Day, the world’s #1 ranked golfer, was #1 in the standings after the regular season. He has three victories on the year: the Arnold Palmer Classic, the WGC-Match Play, and The Players Championship, all tournaments with elite fields.

Since that Players triumph in early June, Day has not won, but he did add four top-8 finishes and finished runner-up to Jimmy Walker at the PGA Championship. Day tied for 4th at The Barclays and finished T15 at the Deutsche Bank before withdrawing after three rounds at The BMW, citing a back injury. He is expected to be good to go in Atlanta.

Paul Casey (#5)

Most of Casey’s 2016 PGA season has not been special, but he has Billy Horscheled the playoffs, finishing solo second at the last two playoff events. At the Deutsche Bank Classic, a disappointing final round 73 allowed Rory McIlroy to take the win from six strokes back.

At the BMW, he applied considerable pressure on Dustin Johnson, the only one in the field to do so, but DJ was just too much down the stretch. Casey has easily the least impressive resume of the top five, but just like DJ, Reed, Scott, and Day, he wins the FedEx Cup automatically with a win at East Lake.

2. Last Chance for Love

After the BMW, American Ryder Cup Captain Davis Love III named three of his four captain’s picks: Rickie Fowler, J.B. Holmes, and Matt Kuchar.

That makes 11 of the 12 spots on the team spoken for. The fourth and last captain’s pick will be made after the Tour Championship, which puts pressure on a number of players in the field.

Here are the players Love will most likely be looking closely at:

Bubba Watson: Bubba had been in the top 8 (which qualify automatically) of the Ryder Cup standings for nearly the entire 2016 season, but dropped to 9th late in the season, after several months of unimpressive performances.

He has not finished in the top 10 in a PGA tournament since early March (he was T8 at The Olympics), but he has been showing better form as of late. At #7 in the world, he is the highest ranked player in the world not currently on the team.

Daniel Berger: The reigning Tour Rookie of the Year would bring some youth to a team that already has plenty. Berger won the FedEx St. Jude Classic in early June, one of his six top 10 finishes this season.

Ryan Moore: If recent form is important to Love III, Moore will have a good chance of being the pick. Since mid-August, he has won the John Deere Classic, finished T7 at The Barclays, and T8 at the Deutsche Bank Championship.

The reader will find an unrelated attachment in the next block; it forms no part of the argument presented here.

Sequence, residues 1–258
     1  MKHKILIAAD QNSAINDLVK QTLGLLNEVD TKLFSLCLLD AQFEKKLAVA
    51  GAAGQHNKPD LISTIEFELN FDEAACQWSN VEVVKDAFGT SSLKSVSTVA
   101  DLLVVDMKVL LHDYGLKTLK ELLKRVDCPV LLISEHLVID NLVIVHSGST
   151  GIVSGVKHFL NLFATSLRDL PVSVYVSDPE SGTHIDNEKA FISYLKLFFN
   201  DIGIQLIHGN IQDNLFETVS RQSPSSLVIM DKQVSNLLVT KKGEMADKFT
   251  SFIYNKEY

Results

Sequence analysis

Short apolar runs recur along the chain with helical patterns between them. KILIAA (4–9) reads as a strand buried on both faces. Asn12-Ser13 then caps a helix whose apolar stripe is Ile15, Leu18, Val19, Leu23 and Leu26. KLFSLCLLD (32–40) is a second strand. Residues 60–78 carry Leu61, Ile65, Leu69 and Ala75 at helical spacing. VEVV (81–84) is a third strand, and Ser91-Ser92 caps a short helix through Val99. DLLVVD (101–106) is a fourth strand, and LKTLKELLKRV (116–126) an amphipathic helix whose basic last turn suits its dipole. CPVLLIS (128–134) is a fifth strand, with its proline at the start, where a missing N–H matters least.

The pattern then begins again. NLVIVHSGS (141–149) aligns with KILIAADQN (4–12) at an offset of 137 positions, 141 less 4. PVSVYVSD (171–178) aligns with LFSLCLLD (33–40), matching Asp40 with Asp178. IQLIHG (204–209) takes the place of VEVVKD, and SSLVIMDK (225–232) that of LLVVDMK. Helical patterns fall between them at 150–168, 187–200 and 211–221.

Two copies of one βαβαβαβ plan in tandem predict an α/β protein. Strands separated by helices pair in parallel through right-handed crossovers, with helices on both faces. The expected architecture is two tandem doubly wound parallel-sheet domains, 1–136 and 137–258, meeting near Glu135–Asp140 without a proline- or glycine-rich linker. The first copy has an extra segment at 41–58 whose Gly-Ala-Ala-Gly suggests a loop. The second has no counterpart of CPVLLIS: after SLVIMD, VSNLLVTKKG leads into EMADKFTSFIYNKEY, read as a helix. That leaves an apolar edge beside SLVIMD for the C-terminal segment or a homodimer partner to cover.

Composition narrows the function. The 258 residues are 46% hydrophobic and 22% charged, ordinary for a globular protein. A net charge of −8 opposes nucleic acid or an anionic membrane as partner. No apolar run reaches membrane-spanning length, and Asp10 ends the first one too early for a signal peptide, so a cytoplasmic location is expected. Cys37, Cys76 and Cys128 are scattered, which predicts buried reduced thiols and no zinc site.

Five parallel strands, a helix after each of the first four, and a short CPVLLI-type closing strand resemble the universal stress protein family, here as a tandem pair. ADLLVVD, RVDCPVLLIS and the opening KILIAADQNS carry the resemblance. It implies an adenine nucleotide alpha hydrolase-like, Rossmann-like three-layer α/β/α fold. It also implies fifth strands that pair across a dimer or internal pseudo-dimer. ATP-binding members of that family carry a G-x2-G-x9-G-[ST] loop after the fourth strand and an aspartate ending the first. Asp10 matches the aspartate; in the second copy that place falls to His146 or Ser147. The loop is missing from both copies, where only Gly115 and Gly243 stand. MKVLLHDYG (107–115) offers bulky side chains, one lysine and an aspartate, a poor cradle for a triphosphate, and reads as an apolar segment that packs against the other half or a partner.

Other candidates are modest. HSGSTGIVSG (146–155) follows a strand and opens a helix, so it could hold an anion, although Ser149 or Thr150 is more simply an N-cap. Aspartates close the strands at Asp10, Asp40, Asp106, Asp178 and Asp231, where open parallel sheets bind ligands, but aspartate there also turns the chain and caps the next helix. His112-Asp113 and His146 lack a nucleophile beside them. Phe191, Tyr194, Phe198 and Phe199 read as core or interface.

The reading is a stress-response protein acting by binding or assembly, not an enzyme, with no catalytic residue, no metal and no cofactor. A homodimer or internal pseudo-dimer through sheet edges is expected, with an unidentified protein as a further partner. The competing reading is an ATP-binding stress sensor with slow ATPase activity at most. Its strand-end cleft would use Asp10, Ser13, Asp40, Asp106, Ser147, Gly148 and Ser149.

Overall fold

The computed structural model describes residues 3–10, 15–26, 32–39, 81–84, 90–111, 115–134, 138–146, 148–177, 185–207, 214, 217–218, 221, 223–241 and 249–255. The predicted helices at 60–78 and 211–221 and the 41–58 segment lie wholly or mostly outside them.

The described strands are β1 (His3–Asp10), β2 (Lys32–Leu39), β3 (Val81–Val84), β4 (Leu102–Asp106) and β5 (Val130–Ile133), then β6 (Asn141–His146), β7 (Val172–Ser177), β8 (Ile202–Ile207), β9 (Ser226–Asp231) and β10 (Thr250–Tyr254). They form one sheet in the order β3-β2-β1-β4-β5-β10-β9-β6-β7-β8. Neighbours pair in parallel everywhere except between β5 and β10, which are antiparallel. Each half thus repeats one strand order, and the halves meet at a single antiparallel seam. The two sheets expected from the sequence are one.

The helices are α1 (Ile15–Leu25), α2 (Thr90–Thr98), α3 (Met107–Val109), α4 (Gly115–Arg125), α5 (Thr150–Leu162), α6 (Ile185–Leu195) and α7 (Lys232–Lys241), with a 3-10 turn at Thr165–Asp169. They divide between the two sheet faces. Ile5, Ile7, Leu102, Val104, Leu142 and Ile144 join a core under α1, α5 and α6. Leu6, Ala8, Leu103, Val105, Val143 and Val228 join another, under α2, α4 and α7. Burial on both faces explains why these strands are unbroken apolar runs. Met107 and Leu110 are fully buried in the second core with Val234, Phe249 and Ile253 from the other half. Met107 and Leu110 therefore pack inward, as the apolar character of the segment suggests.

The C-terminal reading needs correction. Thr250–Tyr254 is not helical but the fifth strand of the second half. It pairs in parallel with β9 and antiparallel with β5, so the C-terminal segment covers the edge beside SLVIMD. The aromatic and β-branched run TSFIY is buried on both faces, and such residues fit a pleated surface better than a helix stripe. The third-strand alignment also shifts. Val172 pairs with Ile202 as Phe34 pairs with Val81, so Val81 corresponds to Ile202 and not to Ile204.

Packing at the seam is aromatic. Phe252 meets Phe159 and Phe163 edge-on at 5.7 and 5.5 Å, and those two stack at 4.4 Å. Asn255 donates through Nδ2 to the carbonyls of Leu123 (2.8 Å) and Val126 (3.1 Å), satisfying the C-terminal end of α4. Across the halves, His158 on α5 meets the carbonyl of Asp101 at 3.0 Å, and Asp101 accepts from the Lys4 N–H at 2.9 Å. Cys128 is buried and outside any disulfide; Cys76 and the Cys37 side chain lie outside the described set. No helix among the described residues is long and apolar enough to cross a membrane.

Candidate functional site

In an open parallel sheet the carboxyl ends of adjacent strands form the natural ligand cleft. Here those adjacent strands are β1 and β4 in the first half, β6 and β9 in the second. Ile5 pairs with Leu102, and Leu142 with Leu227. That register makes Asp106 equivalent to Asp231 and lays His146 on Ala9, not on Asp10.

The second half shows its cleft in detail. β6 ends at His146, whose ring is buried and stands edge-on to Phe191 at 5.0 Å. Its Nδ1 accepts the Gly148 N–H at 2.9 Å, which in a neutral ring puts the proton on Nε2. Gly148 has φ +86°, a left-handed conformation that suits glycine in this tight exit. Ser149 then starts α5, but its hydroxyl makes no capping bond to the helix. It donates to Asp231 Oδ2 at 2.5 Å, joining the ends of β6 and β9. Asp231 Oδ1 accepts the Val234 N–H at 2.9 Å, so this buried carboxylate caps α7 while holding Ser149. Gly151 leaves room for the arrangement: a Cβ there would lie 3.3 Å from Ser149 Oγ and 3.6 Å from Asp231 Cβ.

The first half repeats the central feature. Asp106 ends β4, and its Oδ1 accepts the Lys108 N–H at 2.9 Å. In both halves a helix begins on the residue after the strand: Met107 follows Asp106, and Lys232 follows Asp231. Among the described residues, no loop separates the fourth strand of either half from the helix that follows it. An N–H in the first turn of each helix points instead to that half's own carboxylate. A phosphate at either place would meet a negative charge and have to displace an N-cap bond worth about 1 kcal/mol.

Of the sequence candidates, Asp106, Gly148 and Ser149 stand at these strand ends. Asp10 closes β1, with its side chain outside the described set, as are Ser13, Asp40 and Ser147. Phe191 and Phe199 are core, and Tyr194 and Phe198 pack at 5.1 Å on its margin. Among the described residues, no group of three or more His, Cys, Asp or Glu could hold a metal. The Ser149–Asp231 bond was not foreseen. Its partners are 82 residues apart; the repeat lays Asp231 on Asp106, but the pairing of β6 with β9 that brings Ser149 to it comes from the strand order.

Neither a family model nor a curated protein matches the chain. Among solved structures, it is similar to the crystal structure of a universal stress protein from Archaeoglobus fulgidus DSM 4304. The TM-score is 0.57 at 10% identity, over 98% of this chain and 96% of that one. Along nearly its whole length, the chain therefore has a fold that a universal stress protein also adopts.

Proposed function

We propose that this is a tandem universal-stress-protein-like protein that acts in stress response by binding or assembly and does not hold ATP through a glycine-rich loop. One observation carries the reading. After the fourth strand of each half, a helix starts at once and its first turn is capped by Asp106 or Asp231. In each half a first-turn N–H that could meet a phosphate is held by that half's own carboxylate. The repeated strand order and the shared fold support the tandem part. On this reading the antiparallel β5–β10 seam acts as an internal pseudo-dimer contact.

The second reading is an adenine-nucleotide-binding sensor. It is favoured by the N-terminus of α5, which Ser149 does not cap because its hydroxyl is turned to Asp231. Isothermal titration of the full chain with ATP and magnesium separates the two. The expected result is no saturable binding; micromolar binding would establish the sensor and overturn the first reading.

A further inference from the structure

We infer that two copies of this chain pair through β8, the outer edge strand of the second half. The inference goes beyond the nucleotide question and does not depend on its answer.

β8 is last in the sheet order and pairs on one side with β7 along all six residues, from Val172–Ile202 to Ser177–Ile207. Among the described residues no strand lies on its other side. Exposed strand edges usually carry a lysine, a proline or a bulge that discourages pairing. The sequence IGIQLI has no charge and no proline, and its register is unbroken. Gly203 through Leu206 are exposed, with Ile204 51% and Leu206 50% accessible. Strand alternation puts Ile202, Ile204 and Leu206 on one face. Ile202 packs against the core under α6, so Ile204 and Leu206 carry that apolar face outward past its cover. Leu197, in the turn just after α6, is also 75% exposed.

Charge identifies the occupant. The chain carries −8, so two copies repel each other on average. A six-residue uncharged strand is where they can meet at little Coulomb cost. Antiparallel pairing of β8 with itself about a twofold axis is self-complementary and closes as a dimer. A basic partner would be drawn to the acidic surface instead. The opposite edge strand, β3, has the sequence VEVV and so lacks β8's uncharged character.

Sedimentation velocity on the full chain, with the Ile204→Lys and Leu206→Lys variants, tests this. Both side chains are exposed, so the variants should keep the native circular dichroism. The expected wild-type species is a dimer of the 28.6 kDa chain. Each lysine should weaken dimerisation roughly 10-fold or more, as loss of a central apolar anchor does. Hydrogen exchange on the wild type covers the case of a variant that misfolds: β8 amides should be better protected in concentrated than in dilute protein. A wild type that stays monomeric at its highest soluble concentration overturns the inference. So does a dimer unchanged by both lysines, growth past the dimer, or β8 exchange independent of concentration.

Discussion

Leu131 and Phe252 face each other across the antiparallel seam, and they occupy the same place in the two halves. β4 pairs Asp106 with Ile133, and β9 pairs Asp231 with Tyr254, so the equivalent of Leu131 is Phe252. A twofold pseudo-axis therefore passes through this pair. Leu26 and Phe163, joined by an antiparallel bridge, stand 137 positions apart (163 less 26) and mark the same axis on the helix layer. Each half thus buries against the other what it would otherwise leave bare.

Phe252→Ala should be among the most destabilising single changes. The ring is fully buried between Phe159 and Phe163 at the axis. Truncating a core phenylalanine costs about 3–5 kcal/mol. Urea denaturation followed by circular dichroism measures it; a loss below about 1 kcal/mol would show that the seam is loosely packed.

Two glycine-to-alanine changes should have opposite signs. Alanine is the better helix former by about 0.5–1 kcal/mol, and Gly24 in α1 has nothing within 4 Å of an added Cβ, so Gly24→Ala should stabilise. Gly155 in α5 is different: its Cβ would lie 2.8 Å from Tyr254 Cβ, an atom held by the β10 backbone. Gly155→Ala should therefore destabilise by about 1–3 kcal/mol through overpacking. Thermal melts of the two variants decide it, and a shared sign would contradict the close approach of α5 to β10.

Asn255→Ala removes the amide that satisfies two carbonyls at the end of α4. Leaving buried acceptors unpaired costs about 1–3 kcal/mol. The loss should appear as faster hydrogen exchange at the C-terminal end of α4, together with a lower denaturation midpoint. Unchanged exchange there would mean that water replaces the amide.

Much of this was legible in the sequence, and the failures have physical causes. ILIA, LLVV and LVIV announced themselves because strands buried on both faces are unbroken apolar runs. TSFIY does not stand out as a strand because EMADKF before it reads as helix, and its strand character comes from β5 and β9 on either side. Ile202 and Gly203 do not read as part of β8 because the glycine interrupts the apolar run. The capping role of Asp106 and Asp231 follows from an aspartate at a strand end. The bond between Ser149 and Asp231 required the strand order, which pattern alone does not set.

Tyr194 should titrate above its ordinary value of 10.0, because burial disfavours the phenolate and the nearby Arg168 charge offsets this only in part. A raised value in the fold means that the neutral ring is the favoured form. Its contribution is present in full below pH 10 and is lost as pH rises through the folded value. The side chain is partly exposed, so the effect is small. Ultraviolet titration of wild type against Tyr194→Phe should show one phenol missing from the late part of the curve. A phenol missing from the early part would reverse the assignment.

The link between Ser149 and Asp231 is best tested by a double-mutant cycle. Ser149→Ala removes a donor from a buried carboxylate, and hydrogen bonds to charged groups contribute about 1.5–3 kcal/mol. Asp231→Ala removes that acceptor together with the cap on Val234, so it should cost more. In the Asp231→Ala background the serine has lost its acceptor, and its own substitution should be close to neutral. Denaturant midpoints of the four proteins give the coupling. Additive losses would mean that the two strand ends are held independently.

Jim Furyk: Furyk missed three months of the season after wrist surgery, hurting his Ryder Cup standing. He tied for second at the U.S. Open and made international headlines when he shot a final round 58 at The Travelers Championship, the lowest round in PGA Tour history.

One thing working against Furyk is that he did not qualify for the Tour Championship, so he will need to hope that his current resume is enough. Furyk is an experienced Ryder Cupper, but his record has been poor.

Justin Thomas: Currently 12th in the FedEx Cup standings, Thomas has one win on the season, along with four T3’s including one at The Players. He took 10th at The Barclays, but missed the cut at the Deutsche Bank, and was T32 at the BMW.

3. Spieth’s Defense

Jordan Spieth, the defending champion of both the Tour Championship and the FedEx Cup, has a very up-and-down season. He has two victories on his season, but unfortunately, the biggest memory most have of Spieth’s season is the back nine collapse at the Masters, highlighted by a seven on the par-3 12th hole.

He has played well as of late, with top-15s in four of his last six tournaments. He is coming in off a 9th place finish at The BMW Championship. His past success makes him a huge threat at East Lake, but he has not quite reached the very high standard he set in 2015.

Other Notables in the Field

Rory McIlroy: The world #3 McIlroy won the Deutsche Bank Championship, bringing his first victory to his relatively disappointing 2016 season. He comes into the Tour Championship at #6 in the FedEx Cup standings, so a win wouldn’t necessarily clinch the FedEx Cup, but all he would need with a win is Dustin Johnson not finishing solo-second. He was T42 at the BMW.

Emiliano Grillo: At #9 in the FedEx Cup standings, the Tour rookie stands a decent chance of taking the FedEx Cup with a win at East Lake. His T2 at the Barclays rocketed him up the standings.

Jimmy Walker: Currently 10th in the FedEx Cup standings, Walker would need a win and the top five to stay out of the top 5. Regardless of how Walker performs in this tournament, after his breakthrough major victory at The PGA Championship, his season will be considered a success.

Phil Mickelson: Mickelson still has not won since his surprise triumph at the 2013 Open Championship, but his 2016 season has been one of the best ever for a player in his mid 40s (Mickelson is 46). His season will be remembered most for his unbelievable performance in losing a Sunday duel to Henrik Stenson at Royal Troon. At #13 in the FedEx Cup standings, Mickelson needs a win and a lot of help.